A Far North principals' association president was hoping a Ministry of Education meeting in Wellington on Friday to review guidelines on the restraint of children would result in change. He was disappointed.

"The Mad Hatters are now in control of our classrooms," said Te Tai Tokerau Principals' Association president Pat Newman.

He had advised his members to pray that those making the decisions would "apply common sense for once".

"A teacher is not even allowed to lift a 5-year-old up and carry them out [of the classroom] when they throw things [during] a tantrum.


"Instead, we are supposed to leave them and remove all the other children," he said.

"A child can be utterly destroying a room ... and the same applies. It's Cuckoo Land.

"Last year, we identified 1079 [primary] children at the top end of behavioural concerns due to unresolved trauma and abuse they had suffered, where P was rife in some areas, and in most schools to quite a degree.

"We can claim to have the highest suicide rate for our young in New Zealand. We have a huge number of very small schools in very isolated areas, in very low socio-economic communities.

"And what help did we get? Counsellors? No. Mental health facilities to cover needs? No.

Sufficient staffing to ensure the safety of staff and children from other children? No. Access to absolutely required resources/resourcing? No.

"But we did get guidelines on restraint that make it far harder for us to ensure the safety of all children and staff, give us little option but to stand down ... in many cases, and have handed over control of our schools to any child who wishes to push the boundaries and knows the rules."

Previously, Susan Howan, the Ministry of Education's acting deputy secretary for sector enablement and support, has said a catalyst for the legislation was the need to protect teachers in an area which was legally complicated.

"Teachers and authorised staff members also need to use professional judgment to decide what constitutes a 'serious and imminent risk to safety'," Howan said. "Restraint may be appropriate if the safety of the student or others is at risk."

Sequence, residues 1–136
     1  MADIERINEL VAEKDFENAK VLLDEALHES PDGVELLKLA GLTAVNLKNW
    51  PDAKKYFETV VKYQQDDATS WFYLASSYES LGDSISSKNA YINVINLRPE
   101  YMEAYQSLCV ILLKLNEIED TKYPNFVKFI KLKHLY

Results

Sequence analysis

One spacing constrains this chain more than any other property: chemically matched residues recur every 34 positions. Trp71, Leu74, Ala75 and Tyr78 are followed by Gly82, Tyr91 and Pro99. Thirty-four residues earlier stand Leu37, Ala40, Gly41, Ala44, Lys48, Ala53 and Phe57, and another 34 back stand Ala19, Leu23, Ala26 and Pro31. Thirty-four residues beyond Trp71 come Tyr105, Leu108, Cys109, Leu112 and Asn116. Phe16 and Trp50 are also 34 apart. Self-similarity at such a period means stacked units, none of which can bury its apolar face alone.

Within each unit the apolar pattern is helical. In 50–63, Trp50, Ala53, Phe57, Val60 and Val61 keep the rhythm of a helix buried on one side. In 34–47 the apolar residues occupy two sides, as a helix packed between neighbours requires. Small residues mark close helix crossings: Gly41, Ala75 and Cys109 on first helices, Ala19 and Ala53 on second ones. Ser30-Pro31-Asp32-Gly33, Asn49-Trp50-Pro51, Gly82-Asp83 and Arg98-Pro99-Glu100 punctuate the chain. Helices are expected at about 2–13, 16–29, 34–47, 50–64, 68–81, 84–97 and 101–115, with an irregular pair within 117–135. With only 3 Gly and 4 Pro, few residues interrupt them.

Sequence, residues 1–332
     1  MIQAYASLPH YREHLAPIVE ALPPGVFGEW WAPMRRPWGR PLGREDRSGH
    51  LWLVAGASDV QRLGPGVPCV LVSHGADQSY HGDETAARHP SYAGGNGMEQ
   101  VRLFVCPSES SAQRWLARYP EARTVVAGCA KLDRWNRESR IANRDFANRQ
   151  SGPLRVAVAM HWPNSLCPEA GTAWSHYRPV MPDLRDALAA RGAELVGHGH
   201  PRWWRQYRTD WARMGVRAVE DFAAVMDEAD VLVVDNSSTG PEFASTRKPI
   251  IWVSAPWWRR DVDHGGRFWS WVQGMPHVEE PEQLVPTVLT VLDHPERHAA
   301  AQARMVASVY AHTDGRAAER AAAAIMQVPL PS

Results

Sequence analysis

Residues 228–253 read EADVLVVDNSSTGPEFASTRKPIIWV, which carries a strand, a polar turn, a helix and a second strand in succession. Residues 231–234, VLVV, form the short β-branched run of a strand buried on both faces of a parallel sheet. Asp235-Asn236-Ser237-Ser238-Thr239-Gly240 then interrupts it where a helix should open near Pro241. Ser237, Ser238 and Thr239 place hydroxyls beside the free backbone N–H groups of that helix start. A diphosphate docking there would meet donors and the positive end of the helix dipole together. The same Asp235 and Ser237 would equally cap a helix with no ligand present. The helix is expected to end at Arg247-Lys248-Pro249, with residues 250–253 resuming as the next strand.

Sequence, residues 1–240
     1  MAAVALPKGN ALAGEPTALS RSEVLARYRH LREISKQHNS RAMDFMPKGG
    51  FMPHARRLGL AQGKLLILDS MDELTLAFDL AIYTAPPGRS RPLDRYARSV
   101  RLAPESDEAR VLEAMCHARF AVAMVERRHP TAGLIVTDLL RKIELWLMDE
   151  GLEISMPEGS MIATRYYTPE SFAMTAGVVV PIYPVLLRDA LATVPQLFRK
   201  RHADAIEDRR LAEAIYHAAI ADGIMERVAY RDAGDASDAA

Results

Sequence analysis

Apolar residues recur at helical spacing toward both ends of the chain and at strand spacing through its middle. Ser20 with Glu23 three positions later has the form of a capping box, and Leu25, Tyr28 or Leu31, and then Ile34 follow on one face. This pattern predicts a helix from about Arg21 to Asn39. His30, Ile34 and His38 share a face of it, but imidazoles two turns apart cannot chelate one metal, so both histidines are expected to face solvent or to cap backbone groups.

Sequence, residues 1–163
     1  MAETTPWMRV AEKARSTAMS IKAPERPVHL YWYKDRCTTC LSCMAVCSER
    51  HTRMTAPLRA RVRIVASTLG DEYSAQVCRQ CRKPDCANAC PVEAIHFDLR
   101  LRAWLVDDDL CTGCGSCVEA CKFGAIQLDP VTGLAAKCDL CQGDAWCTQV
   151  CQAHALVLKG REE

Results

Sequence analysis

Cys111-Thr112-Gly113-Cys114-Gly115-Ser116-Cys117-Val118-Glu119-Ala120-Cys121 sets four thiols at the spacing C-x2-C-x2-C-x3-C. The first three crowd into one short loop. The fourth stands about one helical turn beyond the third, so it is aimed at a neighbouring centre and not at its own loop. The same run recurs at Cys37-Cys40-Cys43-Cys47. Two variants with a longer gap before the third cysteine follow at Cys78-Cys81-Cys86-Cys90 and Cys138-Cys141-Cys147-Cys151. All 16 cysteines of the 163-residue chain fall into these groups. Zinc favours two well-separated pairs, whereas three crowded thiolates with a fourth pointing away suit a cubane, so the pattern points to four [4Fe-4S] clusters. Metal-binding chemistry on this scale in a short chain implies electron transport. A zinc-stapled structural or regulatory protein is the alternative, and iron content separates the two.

Howan said the ministry had added resources to meet a rise in demand for training in managing difficult student behaviour.

Coping with disruptive kids

One Northland school has such regular problems with an uncontrollable child that the teacher and pupils have a password — Avocado — which means everyone has to get out.

A Year 2 boy urinated on the floor in front the class as an act of defiance, swore and spat at the teacher, destroyed classroom property, on occasion screamed for long periods of time, hit and kicked the teacher and other pupils.

He refused to leave the classroom when asked to, the teacher repeatedly facing the choice of allowing him to remain and potentially continue his disruptive behaviour, or taking the classroom outside "again".

Several incidents with an 8-year-old who smashed windows/punched holes in the bathroom walls. Students/staff placed in lockdown on three occasions until he calmed down. The child's "psychologist", who used to see him occasionally, asked us to write a review of each incident so they could justify putting anger management strategies in place.

We have had at least five instances of parents unable to get children out of their car or into class this term. On two occasions, the parent eventually left the school with the child.

Since these stupid unworkable guidelines have been put in place I have twice broken the law, and did it both times without thinking, because the children I removed from the classrooms had viciously assaulted other kids during class time.

I got a call from a Year 1-2 teacher who has a child with behavioural problems in her class. When I got there she was outside the class with her children. She informed me that he was inside the class laying waste to everything ... The classroom was a tip.